Note: GitSavvy requires Git versions at or greater than 2.18.0. However, it is highly recommended to use a more recent version of Git, as some advanced rebasing features in GitSavvy require at least version 2.38.0. Upgrading to the latest version of Git will ensure that you can take full advantage of all the features and improvements available in GitSavvy.

Note: GitSavvy does not support Sublime Text 2. If you are using Sublime Text 3, you can access the last supported version by checking out the st3-2.39.1 tag. That's to say, the current main line of GitSavvy only supports Sublime Text versions above build 4000. For the best experience, use the latest Sublime Text dev build. Or not, I mean it could also crash you, what am I to recommend here.

TLDR; aka Quick Start

When you first install GitSavvy, you may not notice any immediate changes to your Sublime Text interface. Except that you may see the checked out branch name and dirty status displayed in the status bar. (You can change this in the settings if you want to.) It's important to note that GitSavvy actually adds a lot of commands to Sublime's Command Palette, which can be accessed by pressing ctrl+shift+p on Windows or cmd+shift+p on macOS. These commands are typically prefixed with git:, while all GitHub features are prefixed with github:.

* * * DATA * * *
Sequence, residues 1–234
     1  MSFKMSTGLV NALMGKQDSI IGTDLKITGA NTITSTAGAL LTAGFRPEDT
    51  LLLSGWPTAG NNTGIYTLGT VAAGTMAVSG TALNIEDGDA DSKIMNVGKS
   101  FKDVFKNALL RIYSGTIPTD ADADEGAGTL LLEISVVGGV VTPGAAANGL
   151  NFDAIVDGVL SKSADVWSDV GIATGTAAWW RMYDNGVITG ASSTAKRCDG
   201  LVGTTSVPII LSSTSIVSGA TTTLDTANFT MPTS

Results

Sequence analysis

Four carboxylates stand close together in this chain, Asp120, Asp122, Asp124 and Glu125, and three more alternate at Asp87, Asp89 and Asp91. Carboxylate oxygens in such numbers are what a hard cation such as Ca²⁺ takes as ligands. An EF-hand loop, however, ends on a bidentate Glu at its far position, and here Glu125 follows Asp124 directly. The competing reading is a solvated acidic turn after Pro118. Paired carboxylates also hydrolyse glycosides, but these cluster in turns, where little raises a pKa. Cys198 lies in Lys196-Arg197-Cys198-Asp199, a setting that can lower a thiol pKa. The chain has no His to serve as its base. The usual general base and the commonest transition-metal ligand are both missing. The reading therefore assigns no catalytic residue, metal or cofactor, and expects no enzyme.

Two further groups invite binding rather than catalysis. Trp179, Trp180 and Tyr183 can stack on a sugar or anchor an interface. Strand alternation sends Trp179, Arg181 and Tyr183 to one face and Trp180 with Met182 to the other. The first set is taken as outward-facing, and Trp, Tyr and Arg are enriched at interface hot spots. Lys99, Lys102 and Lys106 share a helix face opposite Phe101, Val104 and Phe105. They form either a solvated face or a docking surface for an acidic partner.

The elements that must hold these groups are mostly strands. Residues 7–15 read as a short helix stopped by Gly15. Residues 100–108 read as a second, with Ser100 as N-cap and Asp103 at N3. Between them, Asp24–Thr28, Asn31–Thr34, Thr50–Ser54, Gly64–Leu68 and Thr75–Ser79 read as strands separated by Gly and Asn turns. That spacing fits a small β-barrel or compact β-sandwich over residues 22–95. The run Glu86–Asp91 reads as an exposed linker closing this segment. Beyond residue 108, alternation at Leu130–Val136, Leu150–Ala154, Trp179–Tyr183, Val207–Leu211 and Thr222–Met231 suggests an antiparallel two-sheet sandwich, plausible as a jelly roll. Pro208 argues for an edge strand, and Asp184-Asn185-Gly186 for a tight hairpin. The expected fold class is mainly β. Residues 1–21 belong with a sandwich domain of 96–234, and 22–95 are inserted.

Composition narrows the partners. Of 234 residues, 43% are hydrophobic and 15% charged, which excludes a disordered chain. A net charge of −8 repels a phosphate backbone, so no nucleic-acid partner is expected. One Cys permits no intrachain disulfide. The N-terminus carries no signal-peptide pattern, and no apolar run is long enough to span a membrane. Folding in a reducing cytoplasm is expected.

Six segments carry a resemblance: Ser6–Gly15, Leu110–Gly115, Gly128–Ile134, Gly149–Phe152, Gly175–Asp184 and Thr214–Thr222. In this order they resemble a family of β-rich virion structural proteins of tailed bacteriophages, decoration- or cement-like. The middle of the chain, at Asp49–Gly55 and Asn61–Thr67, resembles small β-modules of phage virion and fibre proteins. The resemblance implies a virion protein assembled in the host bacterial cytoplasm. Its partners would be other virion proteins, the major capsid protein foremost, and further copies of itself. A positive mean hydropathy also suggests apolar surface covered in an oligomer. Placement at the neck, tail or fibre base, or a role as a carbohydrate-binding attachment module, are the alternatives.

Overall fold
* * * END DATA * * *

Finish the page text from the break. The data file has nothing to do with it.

GitSavvy also comes with dedicated views. In order to get started with GitSavvy, it's a good idea to become familiar with the git: status and git: Repo History views first. These views are a great entry point into the GitSavvy world and will help you get comfortable with the plugin before diving deeper into its other features. (In fact, I did not venture beyond the git: status view for the first year or so but hey, GitSavvy also changed a lot since then.)

By default, the status view shows some helpful information, while in the repo history view, you can get additional help by pressing [?]. The most important keys to remember in the repo history view are [enter] for the main menu and [r] for the rebase menu.

Basic Git Functionality

GitSavvy provides all the essential Git commands such as clone, init, commit, checkout, pull, push, fetch, and many more.